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health
Tuesday Oct 10 2017
By
REUTERS

Heartburn symptoms tied to psychological factors in some patients

By
REUTERS
Heartburn sufferers who don’t feel better with standard treatment, but who have no detectable reflux, tend to have greater distress and worse quality of life, according to a new study. Photo:File
 

Heartburn sufferers who don’t feel better with standard treatment, but who have no detectable reflux, tend to have greater distress and worse quality of life, according to a new study.

In contrast, symptoms in patients with confirmed gastroesophageal reflux disease (GERD) that didn’t respond to acid-suppressing drugs were associated with reflux severity, Dr Rena Yadlapati of the University of Colorado Anschutz Medical Campus in Aurora and her colleagues found.

“Our results support the interplay between psychosocial factors and symptom generation for PPI non-responders with normal physiology,” the researchers write in American Journal of Gastroenterology.

These results are important in understanding various types of PPI non-responders and formulating personalized management strategies, they add.

As many as half of people with symptoms of reflux don’t get better with proton pump inhibitors (PPIs), the researchers note. To better understand how patients who don’t respond to PPIs perceive their symptoms, they tested esophageal function in 192 patients who had persistent heartburn despite being on double-doses of the medications for at least eight weeks.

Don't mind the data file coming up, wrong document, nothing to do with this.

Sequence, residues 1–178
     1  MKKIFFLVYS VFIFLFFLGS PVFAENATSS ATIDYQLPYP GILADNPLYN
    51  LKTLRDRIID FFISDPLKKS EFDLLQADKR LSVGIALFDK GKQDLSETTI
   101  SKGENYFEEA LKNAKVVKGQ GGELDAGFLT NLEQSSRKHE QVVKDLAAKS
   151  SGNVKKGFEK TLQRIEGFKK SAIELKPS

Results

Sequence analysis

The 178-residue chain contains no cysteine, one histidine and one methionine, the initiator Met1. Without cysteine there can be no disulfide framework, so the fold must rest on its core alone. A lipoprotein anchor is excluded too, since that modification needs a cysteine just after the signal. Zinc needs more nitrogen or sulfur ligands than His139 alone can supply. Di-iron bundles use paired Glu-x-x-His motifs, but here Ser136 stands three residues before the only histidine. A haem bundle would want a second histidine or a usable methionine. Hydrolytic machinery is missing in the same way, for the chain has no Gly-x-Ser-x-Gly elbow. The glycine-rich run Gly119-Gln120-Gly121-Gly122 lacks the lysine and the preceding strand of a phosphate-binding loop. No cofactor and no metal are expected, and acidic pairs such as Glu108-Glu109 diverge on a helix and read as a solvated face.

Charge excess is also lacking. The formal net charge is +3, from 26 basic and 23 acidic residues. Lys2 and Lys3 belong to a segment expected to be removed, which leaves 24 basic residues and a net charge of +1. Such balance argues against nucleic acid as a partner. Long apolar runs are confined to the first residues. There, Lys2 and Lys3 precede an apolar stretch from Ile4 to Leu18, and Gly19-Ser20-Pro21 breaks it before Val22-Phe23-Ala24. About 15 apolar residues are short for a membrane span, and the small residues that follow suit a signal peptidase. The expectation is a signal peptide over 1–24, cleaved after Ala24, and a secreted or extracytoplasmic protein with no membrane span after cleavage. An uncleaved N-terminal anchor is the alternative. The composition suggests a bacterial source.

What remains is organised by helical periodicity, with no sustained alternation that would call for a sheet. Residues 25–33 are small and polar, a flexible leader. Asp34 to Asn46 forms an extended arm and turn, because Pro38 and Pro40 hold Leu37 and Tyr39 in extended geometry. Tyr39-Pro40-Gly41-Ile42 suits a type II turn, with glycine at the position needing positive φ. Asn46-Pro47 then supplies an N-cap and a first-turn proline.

Among the 125 patients who underwent testing while on PPIs, 58 percent were classified as having functional disease, meaning that testing found no evidence of esophageal dysfunction or reflux despite patients perceiving symptoms.

Another 34 percent were diagnosed with GERD because acid levels and other tests did indicate dysfunction in addition to the reported symptoms. Nine percent had reflux hypersensitivity, meaning the esophagus is extra sensitive to even slight reflux.

Among the 67 patients tested while off PPIs, 58 percent were found to have functional disease, 24 percent had GERD and 18 percent had reflux hypersensitivity.

For people with functional disease but no GERD diagnosis, the more severe the perceived symptoms the greater was their distress and difficulty swallowing. Their quality of life was also worse. However, their symptoms did not track with the physiological data from diagnostic testing for GERD.

In patients with confirmed GERD, symptom severity was tied to the number of reflux-associated symptoms and physiological measures of reflux, but it was not linked to psychosocial stressors or quality of life impairment.

“These results underscore the importance of reassurance, psychosocial support, and coping mechanisms” when treating patients with functional heartburn, the researchers write.

The findings also support the idea that functional heartburn and functional difficulty swallowing, known as dysphagia, “exist on the same reflux spectrum,” they add, so non-drug treatments for dysphagia such as eating upright and chewing carefully could be recommended.

For patients with GERD that does not respond to PPI, the researchers write, “antireflux management strategies, such as increased acid suppression, reflux inhibition, and restoration of the antireflux barrier, are appropriate treatment considerations.”

Dr Yadlapati was not available for an interview by press time.

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